While previous research strongly suggests that intranasal administration of OT can reliably influence socially relevant judgments and ratings, relative to placebo [58], [17], [5], findings from studies using lower level tasks administered after OT ingestion (RTs to emotion stimuli and emotion recognition tasks, for example) tend to be mixed and sometimes inconsistent [13], [10], [14], [11], [12]. On this basis, our findings need replication to allow confidence in the pattern of results. Furthermore, our exclusive use of male facial stimuli potentially weakens the generalizability of our findings. However, it is worth noting that previous studies have shown that the enhancing effect of OT nasal spray on the processing of faces is independent of the sex of stimuli faces [10], [34], [12].

A further potential limitation of our study concerns the unequal number of negative and positive emotional faces. Admittedly, the negative facial stimuli presented here outnumber the positive ones but this is inevitable given that there is only one basic positive emotion, namely, happiness – at least as found in validated and established facial expression data sets designed for experimental purposes. Additionally, while it is possible that the presentation of unequal numbers of negative versus positive stimuli could bias the effect of OT on the avoidance of negative stimuli and the approach of positive stimuli, our findings did not indicate the presence of such a bias.

Furthermore, although the scenes do not necessarily match the facial expressions of emotion finding a perfect scene match for a face represents a near-impossible task. We feel that scenes that are devoid of facial images are appropriate non-social stimuli. Indeed, previous published OT studies have also compared images of landscapes to faces [16], [34].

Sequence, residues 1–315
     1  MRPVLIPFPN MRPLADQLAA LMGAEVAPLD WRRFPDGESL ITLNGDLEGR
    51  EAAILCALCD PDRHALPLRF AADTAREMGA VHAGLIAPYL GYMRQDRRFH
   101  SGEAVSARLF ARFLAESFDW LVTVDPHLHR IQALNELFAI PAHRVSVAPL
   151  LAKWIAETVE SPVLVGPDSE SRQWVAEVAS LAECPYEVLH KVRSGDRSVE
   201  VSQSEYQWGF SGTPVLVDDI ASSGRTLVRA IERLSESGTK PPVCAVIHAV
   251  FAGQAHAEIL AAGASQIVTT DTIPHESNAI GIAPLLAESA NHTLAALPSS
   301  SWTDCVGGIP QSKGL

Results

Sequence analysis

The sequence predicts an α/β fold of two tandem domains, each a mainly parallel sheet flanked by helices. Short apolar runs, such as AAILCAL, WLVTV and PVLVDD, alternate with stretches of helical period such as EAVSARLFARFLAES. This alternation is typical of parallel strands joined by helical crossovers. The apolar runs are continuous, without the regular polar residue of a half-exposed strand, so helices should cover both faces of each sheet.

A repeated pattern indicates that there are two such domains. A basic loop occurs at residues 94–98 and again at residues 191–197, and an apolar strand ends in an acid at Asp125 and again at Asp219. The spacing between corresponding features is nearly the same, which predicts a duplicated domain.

In conclusion, our results suggest that intranasal administration of OT does not appear to increase approach or decrease avoidance toward social stimuli, in this case faces depicting various emotions. Our data fail also to support the social salience hypothesis of OT's effects on social cognition but tentatively suggest a prophylactic function role for OT, as reflected in faster responses to affective stimuli that signal the risk of contagion. Being able to respond quickly to potential contagion in one's environment is adaptive. To further examine this proposal, future research could examine the impact of OT on responses to faces that display signs of disease as these suggest contamination.

Future research could examine the impact of nasal OT spray administration in real-life settings whereby actual approach-avoidance behaviour towards a confederate could be examined. Given the well-documented role of OT in social behaviour it may be that it would have a more pronounced effect on approach-avoidance tendencies in a setting where interaction with real people is involved [45]. Despite yielding no support for either of the two dominant theories that have been put forward to account for OT's role in social cognition, the current study is nevertheless informative regarding the function of OT in social cognition and specifically how OT spray may and may not affect the processing of socially-relevant cues. As such the present findings are a valuable addition to extant knowledge in the young field of OT research.


We thank Dr Brian Stollery for his generous advice on our statistical analysis, Professor Stafford Lightman for methodological assistance, and Professor Markus Heinrichs and Dr Bernadette von Dawans for helping us source placebos.

Author Contributions

Conceived and designed the experiments: AT ACR IPV. Performed the experiments: AT. Analyzed the data: AT. Wrote the paper: AT ACR IPV.


  1. 1. Feldman R (2012) Oxytocin and social affiliation in humans. Horm Behav 61: 380–391.
  2. 2. Meyer-Lindenberg A, Domes G, Kirsch P, Heinrichs M (2011) Oxytocin and vasopressin in the human brain: social neuropeptides for translational medicine. Nat Rev Neurosci 12: 524–538.
  3. 3. Broad KD, Curley JP, Keverne EB (2006) Mother–infant bonding and the evolution of mammalian social relationships. Philos Trans R Soc Lond B Biol Sci 361: 2199–2214.